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Title: Accelerating development of therapeutic tuberculosis vaccines using an ex vivo immune assay platform
Author: Prabowo, S. A.
ISNI:       0000 0004 7659 2372
Awarding Body: London School of Hygiene & Tropical Medicine
Current Institution: London School of Hygiene and Tropical Medicine (University of London)
Date of Award: 2019
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Drug treatment and vaccination remain the main strategies to control tuberculosis (TB), which is the leading infectious cause of death globally. Lengthy treatment is often cited as a major obstacle towards improved control of TB. It has been proposed that a combination of TB vaccination with pharmacological treatment, termed therapeutic vaccination, may provide a greater therapeutic value. Several therapeutic TB vaccine candidates have been developed and are currently progressing in the pipeline. We hypothesise that an ex-vivo mycobacterial growth inhibition assay (MGIA) can be implemented to investigate and accelerate development of therapeutic vaccination strategies for TB, in the context of both human clinical and animal murine studies. This thesis describes for the first time, the combined effect of immunoprophylaxis by routine vaccination with Bacillus Calmette-Guérin (BCG) and chemotherapy using the ex vivo immune assay platform. The first research chapter of the thesis elaborates a proofof- principle study investigating the combined effect between historical BCG vaccination and two major first-line TB drugs (isoniazid and rifampicin), which is considered essential to further expedite the development of therapeutic vaccination strategies for TB. The second part of the thesis describes a study in which immunisation of mice with RUTI, a novel therapeutic TB vaccine candidate, was shown to enhance inhibition of mycobacterial growth ex vivo by inducing a shift of monocyte phenotype. We also investigated the effects of RUTI and BCG vaccination towards ex vivo drug-mediated killing in mice. The third research part of the thesis discusses the impact of individual-level factors on ex-vivo mycobacterial growth inhibition, specifically the influence of immune cell phenotype, cytomegalovirus-specific response and sex on immunity following BCG vaccination in humans. In the absence of an immune correlate of protection following TB vaccination, implementation of the ex vivo MGIA assay could be beneficial to screen TB vaccine candidates at early phases in order to prioritise which candidates should be tested with the available funding and field sites. Collectively, our findings support the implementation of MGIA as an effort to accelerate the development of therapeutic TB vaccines.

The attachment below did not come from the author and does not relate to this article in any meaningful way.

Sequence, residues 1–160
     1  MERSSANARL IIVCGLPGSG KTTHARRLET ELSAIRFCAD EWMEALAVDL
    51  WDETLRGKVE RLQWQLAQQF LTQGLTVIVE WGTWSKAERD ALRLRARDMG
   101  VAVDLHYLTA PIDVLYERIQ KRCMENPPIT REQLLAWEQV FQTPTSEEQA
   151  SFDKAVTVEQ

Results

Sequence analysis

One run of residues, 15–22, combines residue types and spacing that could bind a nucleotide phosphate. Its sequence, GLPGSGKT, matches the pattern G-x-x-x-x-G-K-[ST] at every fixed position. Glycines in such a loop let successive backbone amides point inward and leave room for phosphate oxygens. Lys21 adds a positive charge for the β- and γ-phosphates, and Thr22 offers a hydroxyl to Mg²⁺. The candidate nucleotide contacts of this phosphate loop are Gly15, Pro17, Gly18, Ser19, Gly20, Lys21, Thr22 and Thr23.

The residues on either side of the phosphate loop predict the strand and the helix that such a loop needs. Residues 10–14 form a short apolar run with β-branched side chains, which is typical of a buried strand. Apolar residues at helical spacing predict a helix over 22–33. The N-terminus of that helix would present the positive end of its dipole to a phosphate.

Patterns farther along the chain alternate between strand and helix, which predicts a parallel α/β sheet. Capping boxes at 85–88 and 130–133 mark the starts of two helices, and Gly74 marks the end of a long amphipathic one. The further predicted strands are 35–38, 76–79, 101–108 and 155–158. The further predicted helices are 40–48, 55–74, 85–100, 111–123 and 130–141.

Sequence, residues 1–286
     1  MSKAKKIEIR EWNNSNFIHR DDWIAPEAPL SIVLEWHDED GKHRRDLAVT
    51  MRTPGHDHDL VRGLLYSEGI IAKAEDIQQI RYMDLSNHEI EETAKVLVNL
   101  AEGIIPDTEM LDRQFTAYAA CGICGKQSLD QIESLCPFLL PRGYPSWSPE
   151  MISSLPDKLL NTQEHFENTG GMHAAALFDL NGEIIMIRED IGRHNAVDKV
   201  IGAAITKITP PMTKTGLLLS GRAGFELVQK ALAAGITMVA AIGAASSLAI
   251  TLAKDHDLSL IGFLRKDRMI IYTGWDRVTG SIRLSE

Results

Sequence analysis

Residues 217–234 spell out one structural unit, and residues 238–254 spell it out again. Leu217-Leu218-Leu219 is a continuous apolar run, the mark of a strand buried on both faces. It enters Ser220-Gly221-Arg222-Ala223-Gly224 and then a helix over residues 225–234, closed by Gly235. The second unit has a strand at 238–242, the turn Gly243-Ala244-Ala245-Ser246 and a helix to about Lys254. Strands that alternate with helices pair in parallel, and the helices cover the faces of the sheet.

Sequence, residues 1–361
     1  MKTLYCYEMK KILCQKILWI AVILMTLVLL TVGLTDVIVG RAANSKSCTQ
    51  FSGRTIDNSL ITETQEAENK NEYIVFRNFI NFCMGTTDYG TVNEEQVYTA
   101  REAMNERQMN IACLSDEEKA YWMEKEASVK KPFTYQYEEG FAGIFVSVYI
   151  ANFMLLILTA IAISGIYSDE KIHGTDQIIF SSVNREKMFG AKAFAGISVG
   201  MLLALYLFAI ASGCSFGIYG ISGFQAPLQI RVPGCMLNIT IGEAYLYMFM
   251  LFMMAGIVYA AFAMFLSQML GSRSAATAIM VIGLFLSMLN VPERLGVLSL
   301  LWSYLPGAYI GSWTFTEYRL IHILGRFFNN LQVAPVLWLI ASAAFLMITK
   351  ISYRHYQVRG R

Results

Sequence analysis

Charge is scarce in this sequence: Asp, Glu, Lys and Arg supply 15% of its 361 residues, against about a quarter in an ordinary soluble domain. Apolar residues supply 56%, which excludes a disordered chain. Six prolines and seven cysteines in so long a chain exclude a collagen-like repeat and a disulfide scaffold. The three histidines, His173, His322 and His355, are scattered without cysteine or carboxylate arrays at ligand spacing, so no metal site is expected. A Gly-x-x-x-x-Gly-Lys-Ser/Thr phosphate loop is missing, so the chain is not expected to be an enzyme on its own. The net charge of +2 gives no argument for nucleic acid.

Supervisor: Fletcher, H. A. Sponsor: European Commission (TBVAC2020) ; Indonesia Endowment Fund for Education
Qualification Name: Thesis (Ph.D.) Qualification Level: Doctoral